Data, AI and the hopeful rise of Ethics

Adrian Gonzalez Sanchez
4 min readJun 15, 2021

“Data is the new oil”. Repeated hundreds of times, this quote was extracted from a The Economist’s article [1] in 2017, and it quickly became the most famous analogy for the general public to understand importance of data in the new technology era. The quote is simple, but it somehow reflects the reality of the data-driven value creation. Data by itself is a powerful asset, but if you “refine” it you can generate exponential value for your organization: smarter decisions, new business models, etc.

However, data as a valuable asset is not a new thing. Companies like Facebook or Google saw it way before. Where you saw a powerful internet search service, Google saw a mine of data. When you discover Facebook and adopt it as the main social network, Zuckerberg was already dreaming about the value of our personal information, interactions and even feelings. The consequence: their current business models are mainly based on the targeted advertisement business. And then we got another famous quote [2]: “If you are not paying for it, you become the product”.

Let’s face it: This is not necessarily wrong. Ok, we didn’t see it coming, they could have explained things clearly to their users, but at the end of the day these giants where ideating new businesses and they found the magic fuel to scale up and attract more investors. Data privacy regulations were different then, and they are heavily evolving to protect the end-user (thank you GDPR [3]), and there is an increasing the level of understanding of the potential risks and benefits. Uncle Ben4 was right: “Great power comes great responsibility”.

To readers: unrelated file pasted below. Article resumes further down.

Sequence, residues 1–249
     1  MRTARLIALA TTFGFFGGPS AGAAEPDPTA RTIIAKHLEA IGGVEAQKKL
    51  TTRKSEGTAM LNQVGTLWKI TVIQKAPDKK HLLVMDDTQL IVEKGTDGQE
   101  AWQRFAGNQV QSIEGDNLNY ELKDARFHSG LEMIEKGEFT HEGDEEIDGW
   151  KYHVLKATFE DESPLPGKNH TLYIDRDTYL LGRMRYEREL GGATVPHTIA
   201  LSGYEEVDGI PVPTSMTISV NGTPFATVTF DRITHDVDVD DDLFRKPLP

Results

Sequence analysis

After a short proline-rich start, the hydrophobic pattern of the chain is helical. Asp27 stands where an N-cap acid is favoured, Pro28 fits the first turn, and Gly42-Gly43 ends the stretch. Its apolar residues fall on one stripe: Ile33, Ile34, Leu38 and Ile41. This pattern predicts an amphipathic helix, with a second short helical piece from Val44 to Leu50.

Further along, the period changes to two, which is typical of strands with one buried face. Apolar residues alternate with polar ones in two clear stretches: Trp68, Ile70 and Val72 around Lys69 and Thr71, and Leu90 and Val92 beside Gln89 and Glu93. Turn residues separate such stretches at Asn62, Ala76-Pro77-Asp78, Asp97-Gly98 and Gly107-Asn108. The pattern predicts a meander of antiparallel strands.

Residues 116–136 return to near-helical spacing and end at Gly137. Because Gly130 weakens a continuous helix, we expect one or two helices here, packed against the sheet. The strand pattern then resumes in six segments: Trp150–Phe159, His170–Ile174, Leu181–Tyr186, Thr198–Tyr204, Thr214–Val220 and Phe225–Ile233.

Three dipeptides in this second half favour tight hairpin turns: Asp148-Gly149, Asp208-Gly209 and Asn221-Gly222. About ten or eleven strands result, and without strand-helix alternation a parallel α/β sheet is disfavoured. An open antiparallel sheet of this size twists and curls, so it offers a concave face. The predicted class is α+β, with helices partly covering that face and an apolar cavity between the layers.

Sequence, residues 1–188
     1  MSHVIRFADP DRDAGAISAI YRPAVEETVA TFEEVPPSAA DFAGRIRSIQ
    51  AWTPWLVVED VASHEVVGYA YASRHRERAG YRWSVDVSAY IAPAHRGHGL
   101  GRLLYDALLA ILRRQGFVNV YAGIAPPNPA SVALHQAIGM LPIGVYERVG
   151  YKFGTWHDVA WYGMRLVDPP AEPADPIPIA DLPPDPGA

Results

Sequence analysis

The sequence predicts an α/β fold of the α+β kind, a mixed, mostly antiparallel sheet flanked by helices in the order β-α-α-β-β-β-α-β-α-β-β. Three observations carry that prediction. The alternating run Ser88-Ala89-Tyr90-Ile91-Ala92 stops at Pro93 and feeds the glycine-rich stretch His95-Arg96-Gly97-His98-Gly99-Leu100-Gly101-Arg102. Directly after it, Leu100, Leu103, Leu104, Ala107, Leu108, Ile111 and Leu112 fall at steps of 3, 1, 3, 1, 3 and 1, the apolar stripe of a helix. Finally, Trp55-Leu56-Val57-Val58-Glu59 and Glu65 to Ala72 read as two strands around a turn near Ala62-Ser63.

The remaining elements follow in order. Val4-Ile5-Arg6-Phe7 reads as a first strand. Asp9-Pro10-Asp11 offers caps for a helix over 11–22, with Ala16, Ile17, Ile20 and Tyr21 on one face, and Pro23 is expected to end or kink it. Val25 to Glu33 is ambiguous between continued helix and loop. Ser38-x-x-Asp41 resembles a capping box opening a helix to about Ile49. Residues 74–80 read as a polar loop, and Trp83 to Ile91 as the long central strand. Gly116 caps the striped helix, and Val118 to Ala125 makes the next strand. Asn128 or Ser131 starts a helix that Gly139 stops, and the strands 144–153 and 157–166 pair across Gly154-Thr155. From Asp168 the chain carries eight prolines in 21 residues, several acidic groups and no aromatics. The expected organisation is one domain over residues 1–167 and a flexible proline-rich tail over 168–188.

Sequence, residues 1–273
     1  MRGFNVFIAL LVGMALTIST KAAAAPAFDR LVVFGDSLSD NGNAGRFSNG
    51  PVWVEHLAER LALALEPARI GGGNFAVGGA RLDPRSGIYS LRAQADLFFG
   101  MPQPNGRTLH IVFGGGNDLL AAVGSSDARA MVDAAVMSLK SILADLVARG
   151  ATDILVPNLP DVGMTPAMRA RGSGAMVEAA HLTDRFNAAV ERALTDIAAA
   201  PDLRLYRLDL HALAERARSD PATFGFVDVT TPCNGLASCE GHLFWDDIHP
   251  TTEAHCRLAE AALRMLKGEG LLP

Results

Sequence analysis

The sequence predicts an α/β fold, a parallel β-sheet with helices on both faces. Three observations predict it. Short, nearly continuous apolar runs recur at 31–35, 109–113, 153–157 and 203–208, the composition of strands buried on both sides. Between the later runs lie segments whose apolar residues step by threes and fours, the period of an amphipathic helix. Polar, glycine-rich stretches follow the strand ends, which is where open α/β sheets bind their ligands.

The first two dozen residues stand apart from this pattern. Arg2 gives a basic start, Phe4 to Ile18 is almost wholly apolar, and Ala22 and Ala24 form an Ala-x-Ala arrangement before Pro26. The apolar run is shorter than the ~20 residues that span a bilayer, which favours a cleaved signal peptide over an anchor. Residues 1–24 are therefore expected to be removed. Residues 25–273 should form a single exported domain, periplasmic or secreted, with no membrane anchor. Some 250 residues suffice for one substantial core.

A pessimistic reader could think that this is the end of the world. Skynet [5] owning our data, AI-enabled killing robots… Reality is that we are not there yet (and hopefully never), but there are already a few concerns about the usage of data for unethical purposes: Cambridge Analytica and Facebook [6], racist algorithms [7], Amazon and its sexist AI-enable recruiting tools [8]… not a beautiful panorama, you may think. My goal, however, is to provide you with some pieces of information that will improve your day and give a wider view of the topic.

There are already private and public initiatives around the world trying to establish clear frameworks, guidelines and principles for a responsible usage of data [9]. There are companies investing in AI-enabled social good. There are multidisciplinary groups of people [10] (researchers, citizens, industry professionals, etc.) combining backgrounds to define what it is acceptable or not. There are even data professionals quitting their jobs if they consider that the output of their AI projects is not aligned with their personal values.

Summarizing, we are starting to learn from past mistakes and to detect unethical, biased or unfair cases. This is a growing field and a novelty on this technology era. For the first time, we are thinking not only about respecting the law but also about ethical and social impact, we don’t see only technology and business but also human implications… and this is very good news my dear friend.

As you can see, there is a lot of space for discussion and plenty of new concepts to assimilate. My teaching experience says that students love to have a pragmatic view of what is going on so they can learn and include these concepts as part of their critical thinking process. And companies are starting to invest part of their budgets in AI and data ethics for both executives and employees.

This is just the beginning and there is a lot to do. My humble contribution will be based on my research and content development for the analysis of the ethical impact of AI and data projects at both corporate strategy and project/product management levels.

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Note: This article was originally published via Concordia University’s website in 2020